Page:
11/15/2017, 19.16
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As expression of solidarity pour in for earthquake victims, questions are raised about construction standards

The number of victims keeps rising, topping 530. Rouhani pledges immediate action. Expressions of solidarity pour in from around the world. Doubts are emerging about the quality of the buildings constructed under Ahmadinejad's government. Since 1990, almost 100,000 people have died in earthquakes.

Tehran (AsiaNews/Agencies) – Conditions for people who survived this year’s worst earthquake, which rocked the border region between Iraq and Iran, continue to be harsh. According to official sources, more than 530 people have died, 432 confirmed, with more than 9,400 injured.

The rest of the country and the international community are sending help to victims. However, serious questions are being asked with respect to construction standards of recently built flats that collapsed.

Kermanshah was the most affected province. Mohammad-Ali Monshizadeh, a local official, said that “Up to now, we have issued 430 death certificates . . . but an estimated number of 100 to 150 more people have been buried in quake-stricken villages and towns without permission . . . which raises the overall death toll to between 530 to 580 in Kermanshah.” An additional 316 people were killed in the town of Sarpol-e Zahab alone.

Iranian authorities have encountered various obstacles in providing support and assistance to the thousands of people forced to sleep outdoor.

Iran’s president, Hassan Rouhani, on Tuesday travelled to Kermanshah, pledging government action. The country’s Supreme Leader Ali Khamenei said that compassion must be followed by action.

Foreign leaders and officials, including Pope Francis and a spokesperson for the US State Department, have expressed their solidarity to the victims.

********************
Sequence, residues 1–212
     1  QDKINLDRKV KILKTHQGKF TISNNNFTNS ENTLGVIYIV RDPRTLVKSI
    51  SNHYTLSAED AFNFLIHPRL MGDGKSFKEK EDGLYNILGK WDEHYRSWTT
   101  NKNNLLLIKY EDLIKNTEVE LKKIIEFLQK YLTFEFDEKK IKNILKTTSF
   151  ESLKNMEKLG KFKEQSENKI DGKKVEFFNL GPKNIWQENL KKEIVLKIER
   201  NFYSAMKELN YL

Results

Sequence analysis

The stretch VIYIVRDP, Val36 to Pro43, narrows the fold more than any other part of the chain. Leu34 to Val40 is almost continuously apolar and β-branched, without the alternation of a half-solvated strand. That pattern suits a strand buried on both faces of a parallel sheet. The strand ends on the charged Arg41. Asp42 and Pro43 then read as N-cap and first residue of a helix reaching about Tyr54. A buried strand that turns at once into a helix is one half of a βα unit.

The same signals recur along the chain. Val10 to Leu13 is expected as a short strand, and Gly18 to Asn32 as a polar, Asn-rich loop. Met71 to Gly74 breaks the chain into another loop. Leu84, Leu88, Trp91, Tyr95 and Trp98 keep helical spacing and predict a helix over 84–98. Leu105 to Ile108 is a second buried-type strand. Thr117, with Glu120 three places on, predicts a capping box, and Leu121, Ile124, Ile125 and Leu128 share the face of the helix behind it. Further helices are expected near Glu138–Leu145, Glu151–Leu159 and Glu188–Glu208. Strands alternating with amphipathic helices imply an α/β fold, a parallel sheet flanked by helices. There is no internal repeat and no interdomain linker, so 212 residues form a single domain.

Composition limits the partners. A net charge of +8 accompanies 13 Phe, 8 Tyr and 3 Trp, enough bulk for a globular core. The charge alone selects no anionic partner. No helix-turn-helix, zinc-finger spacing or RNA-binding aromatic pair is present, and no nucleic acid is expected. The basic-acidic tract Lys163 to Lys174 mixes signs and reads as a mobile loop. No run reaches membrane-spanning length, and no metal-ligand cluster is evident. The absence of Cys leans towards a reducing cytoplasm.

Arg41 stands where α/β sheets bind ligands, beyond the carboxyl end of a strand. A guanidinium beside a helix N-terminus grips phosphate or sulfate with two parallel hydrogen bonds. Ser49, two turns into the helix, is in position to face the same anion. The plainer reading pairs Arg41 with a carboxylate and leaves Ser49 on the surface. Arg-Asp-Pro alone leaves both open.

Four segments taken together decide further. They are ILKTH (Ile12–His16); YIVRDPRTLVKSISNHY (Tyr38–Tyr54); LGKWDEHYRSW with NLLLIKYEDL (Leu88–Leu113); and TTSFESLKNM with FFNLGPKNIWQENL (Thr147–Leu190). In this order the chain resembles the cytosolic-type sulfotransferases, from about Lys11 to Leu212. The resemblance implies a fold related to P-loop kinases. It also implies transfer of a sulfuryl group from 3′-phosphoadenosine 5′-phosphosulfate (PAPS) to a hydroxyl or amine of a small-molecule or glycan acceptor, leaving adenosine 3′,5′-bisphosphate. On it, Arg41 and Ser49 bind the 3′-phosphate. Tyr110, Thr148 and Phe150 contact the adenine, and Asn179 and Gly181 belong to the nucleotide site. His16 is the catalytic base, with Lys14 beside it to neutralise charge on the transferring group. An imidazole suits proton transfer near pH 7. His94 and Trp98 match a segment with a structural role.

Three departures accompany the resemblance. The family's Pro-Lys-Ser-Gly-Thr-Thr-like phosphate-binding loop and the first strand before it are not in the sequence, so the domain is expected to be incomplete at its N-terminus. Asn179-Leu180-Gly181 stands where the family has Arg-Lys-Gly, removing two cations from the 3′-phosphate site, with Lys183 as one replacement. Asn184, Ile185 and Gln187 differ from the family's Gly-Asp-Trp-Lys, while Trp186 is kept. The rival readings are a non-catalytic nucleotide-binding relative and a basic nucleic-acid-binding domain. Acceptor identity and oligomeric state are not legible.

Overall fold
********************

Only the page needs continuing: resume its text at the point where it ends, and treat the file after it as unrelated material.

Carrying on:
Across the country, Iranians are collecting basic items for survivors. Some have donated blood. The city of Sanandaj has offered food, water and blankets.

Fabrizio Cavalletti, head of the Africa and Asia Office of Caritas Italia, told Vatican Radio that Caritas has "expressed solidarity and said it was ready to cooperate with the authorities" in Iran.

Yesterday, the country held a day of national mourning. However, notwithstanding condolence and expressions of closeness, people are asking questions about construction standards after newly constructed buildings collapsed, raising doubts about the quality of the work.

Iran’s first vice-president, Eshaq Jahangiri, said many of the collapsed buildings had been constructed as part of an affordable housing scheme introduced by former President Mahmoud Ahmadinejad.

The Iranian daily newspaper Hamdeli blamed Ahmadinejad for the scale of destruction, publishing a cartoon on its front page under the headline “This is what you cooked [for us]” showing the former president taking a selfie in the rubble.

This is not the first time that Iran is hit by a major earthquake. In 1990 a quake struck the northern part of the country, killing 35,00 to 50,000 people.

The 2003 earthquake in Bam, in the southern province of Kerman, killed at least 31,000. Since 1990 more than 600 quakes above 5 on the Richter scale have killed almost 100,000 people.

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